The path to successful, meaningful compromise is negotiation. That’s the foundation on which productive, healthy, adult relationships are built. After all, when two people enter a relationship together, get married, and have kids, they’re accepting the fact that they’re two separate individuals who might not always want the same things, but will always work together to be on the same page. But even though relationships are built on negotiation and compromise, we are, in general, quite bad at it. Compromise can easily morph into serious arguments. Differences can eventually become irreconcilable.
Negotiation and mutual compromise are learned skills. And we could all use a crash course. Upon re-reading Dale Carnegie’s much beloved How to Win Friends and Influence People and Roger Fisher and William Ury’s Getting to Yes, David Sally, behavioral game theorist, and career-long professor of negotiation at Cornell and Dartmouth business schools, realized there was a lack of scientific explanation of what makes negotiation work, and how to do it well. His new book, One Step Ahead: Mastering the Art and Science of Negotiation seeks to change that.
Whereas Carnegie’s book was based on anecdotal evidence and folk wisdom Sally’s establishes tried and true tenets, rules, and guidelines for negotiation that apply to all areas of life. Fatherly spoke to Sally about how negotiation is separate from compromise, why the power of asking what a partner wants is the biggest power any person can have, and why actions always speak louder than words.
What are the skills of a good negotiator?
To become a better negotiator, there are paradoxes that you need to deal with. You need to be both tough and fair. You need to act, and perform, in the moment. You need to be very present, but at the same time, you need to monitor yourself, your words, your behavior, and how things are going.
So, someone needs to be both present and also thinking ahead?
Just as an actor needs to both perform, and at the same time, monitor how she is performing, this negotiator has to do the same thing. You have to work, and acquire a meta-knowledge of how you’re working. You need to work on two levels: you need to both act and direct. You need to both perform and to monitor, and then to break down the game a little bit.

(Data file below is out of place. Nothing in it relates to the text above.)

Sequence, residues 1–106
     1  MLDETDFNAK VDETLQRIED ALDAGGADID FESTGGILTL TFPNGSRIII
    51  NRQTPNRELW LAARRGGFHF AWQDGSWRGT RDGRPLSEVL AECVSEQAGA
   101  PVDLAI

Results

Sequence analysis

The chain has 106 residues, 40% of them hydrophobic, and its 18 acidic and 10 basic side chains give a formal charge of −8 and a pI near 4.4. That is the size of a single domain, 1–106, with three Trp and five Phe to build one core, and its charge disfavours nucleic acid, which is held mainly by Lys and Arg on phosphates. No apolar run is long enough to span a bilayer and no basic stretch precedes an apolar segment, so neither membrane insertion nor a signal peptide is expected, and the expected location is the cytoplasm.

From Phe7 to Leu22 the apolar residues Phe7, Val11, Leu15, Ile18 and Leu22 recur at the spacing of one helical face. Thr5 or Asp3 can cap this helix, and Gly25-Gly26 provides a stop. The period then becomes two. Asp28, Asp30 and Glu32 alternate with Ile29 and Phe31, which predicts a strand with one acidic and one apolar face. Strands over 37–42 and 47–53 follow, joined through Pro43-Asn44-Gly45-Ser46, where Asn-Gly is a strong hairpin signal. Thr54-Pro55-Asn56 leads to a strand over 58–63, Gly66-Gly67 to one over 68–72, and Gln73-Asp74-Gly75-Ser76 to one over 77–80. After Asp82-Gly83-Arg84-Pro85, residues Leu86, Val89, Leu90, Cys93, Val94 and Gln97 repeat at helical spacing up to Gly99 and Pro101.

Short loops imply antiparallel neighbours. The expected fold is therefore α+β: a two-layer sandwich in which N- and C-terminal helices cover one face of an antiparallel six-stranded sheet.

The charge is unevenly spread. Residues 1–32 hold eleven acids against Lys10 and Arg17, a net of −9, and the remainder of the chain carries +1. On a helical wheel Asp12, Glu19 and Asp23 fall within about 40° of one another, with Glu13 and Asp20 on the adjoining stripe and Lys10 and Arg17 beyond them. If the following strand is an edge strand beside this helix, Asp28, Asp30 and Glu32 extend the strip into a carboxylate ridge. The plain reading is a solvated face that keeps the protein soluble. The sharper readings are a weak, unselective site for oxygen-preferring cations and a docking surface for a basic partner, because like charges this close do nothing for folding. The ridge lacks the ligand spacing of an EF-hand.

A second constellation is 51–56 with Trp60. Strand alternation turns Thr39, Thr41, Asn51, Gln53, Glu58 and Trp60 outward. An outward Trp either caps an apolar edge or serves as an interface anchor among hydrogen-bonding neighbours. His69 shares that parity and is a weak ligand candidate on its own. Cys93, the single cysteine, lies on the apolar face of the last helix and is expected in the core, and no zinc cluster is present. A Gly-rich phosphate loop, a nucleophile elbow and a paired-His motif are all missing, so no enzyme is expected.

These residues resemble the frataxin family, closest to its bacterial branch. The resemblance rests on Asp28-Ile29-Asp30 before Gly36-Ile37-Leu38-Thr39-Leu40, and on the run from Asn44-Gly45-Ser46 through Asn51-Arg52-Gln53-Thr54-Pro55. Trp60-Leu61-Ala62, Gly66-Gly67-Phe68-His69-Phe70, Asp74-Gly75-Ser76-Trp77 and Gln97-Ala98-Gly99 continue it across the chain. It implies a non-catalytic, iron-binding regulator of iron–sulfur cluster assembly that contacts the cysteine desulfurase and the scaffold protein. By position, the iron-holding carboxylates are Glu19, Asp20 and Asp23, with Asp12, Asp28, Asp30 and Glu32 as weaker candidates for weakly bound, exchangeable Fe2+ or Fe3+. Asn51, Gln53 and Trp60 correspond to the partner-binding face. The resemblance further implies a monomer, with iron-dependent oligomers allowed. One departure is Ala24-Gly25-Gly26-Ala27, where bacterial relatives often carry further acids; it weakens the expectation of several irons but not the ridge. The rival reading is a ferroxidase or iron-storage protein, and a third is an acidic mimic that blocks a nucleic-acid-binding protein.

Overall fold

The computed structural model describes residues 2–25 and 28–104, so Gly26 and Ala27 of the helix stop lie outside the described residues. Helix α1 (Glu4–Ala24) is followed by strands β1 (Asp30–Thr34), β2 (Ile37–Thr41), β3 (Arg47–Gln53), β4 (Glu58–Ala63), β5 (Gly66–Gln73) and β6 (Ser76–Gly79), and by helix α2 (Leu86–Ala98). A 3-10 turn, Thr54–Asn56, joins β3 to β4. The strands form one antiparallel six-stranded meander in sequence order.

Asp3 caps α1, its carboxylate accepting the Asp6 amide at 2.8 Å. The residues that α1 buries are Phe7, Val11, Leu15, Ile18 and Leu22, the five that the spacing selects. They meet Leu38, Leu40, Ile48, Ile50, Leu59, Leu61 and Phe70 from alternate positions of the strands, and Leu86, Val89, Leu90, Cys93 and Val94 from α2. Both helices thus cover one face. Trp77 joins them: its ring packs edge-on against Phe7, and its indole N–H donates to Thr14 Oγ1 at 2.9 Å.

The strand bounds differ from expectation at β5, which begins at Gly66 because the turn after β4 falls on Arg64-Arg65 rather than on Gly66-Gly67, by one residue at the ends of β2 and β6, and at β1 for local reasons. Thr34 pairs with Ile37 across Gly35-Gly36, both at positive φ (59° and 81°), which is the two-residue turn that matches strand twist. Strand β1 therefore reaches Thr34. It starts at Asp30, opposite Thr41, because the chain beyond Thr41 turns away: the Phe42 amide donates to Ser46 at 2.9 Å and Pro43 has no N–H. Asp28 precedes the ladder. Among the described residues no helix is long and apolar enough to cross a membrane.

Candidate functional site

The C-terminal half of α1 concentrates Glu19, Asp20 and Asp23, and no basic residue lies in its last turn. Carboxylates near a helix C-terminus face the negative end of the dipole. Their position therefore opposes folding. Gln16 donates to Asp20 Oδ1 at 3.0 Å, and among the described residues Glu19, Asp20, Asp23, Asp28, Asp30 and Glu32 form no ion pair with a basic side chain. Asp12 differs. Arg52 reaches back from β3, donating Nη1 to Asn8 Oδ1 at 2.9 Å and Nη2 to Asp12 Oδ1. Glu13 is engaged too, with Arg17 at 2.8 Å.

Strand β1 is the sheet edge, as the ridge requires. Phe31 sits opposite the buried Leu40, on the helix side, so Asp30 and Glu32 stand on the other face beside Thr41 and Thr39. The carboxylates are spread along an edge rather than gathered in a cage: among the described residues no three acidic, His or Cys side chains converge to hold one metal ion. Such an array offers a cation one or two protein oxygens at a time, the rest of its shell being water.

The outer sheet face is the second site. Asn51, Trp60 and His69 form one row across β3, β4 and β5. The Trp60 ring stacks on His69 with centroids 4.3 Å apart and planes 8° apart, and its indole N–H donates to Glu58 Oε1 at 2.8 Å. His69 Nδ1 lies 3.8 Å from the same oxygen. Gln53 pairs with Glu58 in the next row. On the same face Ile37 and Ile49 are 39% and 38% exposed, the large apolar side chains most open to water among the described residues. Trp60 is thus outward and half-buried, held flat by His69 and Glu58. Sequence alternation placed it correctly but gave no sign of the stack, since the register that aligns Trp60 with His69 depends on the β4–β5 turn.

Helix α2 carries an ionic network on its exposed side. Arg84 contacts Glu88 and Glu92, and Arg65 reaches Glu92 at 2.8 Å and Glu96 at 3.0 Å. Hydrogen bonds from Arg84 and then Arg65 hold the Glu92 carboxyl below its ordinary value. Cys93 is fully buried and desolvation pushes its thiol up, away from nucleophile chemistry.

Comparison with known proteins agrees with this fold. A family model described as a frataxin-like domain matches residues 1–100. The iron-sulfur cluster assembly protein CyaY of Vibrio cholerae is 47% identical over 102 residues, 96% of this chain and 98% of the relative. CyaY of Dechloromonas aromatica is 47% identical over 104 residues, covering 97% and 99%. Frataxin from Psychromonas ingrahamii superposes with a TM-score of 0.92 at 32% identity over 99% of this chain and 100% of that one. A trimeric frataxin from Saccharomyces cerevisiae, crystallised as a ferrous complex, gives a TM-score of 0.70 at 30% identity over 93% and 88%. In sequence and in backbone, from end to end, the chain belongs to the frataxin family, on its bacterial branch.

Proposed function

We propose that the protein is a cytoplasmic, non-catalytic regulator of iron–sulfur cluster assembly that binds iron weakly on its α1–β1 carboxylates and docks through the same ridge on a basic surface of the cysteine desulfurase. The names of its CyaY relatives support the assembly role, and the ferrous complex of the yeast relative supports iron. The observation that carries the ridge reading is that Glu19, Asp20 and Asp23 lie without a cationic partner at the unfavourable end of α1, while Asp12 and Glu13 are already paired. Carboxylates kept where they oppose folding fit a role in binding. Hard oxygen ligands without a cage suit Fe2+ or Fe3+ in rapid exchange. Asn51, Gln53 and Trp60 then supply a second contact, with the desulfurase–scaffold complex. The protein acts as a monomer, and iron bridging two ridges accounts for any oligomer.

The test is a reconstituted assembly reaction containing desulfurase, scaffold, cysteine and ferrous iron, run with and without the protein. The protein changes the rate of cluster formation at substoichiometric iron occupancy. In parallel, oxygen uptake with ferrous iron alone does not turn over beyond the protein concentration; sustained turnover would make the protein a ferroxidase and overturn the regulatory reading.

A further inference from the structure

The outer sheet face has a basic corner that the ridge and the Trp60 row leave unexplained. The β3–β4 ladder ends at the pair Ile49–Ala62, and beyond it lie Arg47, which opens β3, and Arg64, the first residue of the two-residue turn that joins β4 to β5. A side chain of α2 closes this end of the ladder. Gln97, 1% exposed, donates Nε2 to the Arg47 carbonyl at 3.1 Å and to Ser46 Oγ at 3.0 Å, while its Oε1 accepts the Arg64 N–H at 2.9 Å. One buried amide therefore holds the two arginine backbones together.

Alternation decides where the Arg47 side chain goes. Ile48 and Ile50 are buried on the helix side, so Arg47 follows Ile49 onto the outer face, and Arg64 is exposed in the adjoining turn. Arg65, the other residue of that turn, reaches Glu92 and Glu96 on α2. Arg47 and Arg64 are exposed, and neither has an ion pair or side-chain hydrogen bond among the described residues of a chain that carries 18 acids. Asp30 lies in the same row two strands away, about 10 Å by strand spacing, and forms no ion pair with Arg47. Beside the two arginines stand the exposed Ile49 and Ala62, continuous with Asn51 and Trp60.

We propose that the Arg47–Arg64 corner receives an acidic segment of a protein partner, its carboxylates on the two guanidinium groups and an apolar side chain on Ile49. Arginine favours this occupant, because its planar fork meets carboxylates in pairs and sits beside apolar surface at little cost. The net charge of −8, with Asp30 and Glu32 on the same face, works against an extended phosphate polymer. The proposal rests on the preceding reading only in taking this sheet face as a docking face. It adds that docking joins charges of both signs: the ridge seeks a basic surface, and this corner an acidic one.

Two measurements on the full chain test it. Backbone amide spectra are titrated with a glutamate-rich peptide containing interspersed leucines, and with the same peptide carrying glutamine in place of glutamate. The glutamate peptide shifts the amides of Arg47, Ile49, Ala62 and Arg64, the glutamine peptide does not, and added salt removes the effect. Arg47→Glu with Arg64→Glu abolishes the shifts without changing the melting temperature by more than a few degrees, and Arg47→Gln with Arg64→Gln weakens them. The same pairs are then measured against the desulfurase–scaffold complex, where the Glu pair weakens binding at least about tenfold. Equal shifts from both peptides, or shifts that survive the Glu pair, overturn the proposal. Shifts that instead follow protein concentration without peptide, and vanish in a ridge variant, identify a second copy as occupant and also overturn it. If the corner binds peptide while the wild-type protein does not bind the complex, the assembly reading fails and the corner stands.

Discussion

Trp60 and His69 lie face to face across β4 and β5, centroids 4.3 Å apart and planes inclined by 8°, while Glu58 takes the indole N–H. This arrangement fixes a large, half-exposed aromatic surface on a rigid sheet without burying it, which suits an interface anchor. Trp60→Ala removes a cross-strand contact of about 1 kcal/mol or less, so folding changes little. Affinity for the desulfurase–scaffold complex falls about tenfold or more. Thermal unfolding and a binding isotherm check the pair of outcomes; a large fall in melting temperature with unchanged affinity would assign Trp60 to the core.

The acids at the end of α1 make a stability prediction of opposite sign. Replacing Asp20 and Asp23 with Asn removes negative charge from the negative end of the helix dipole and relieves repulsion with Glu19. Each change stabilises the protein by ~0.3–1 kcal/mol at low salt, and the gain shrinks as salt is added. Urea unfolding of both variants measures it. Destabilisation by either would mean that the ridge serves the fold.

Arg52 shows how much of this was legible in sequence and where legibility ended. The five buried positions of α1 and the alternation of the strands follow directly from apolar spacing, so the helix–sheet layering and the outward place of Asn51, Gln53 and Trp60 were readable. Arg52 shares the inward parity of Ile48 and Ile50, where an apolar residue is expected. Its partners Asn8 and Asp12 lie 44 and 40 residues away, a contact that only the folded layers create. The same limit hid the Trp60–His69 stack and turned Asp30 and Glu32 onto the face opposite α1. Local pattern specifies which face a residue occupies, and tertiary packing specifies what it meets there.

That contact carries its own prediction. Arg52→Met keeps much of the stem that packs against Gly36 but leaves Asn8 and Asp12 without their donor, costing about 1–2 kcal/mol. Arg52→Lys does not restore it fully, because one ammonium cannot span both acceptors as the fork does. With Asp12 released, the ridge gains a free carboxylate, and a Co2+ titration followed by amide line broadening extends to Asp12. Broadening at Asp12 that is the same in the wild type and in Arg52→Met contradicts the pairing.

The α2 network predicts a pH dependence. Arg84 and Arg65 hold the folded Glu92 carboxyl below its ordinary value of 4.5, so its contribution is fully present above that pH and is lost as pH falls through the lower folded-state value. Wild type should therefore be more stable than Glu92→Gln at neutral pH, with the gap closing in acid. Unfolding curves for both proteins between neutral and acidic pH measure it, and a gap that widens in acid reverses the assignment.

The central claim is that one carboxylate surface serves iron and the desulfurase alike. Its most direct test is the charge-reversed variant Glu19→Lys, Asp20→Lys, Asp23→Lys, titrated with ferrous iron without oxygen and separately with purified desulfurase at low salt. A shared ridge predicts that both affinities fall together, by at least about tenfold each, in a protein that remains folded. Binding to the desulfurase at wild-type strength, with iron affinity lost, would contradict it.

The first half of the book establishes those principles. The second half of the book breaks down the component parts of negotiation. Whether it’s thinking more deeply about emotions in a negotiation, how to actually get prepared for negotiation, the words you use, or what role numbers play in negotiation. These basic components expose the reader to what we know about [negotiation] in a very scientific way.
What do you think that people don’t understand about negotiating or talking problems out in a relationship?
Compromise in a romantic relationship is almost always the outcome that you get to. This applies, also, to business relationships, organizational stuff, friendships, and more. People tend to think that relationships are way more fragile than they are. And they are worried. They’re so worried about offending a counterpart in a negotiation by asking for too much, or being tough. They think that that will damage the relationship irrevocably, and they don’t see that in fact, relationships take hits and damage, and that there are things you can do to repair relationships.
People believe that relationships are more fragile than they are, and they’re more worried about giving offense than they ought to be. Now, when it comes to personal relationships, I think that the relationship itself is always one of the major topics, even if it’s implicit, in whatever negotiation you’re dealing with. It could be trivial, from who is going to clean up the kitchen, or having kids, career plans, or future moves.
But that’s one little bit of advice that I would give anybody: the relationship itself is always on the agenda, but it might not be explicit.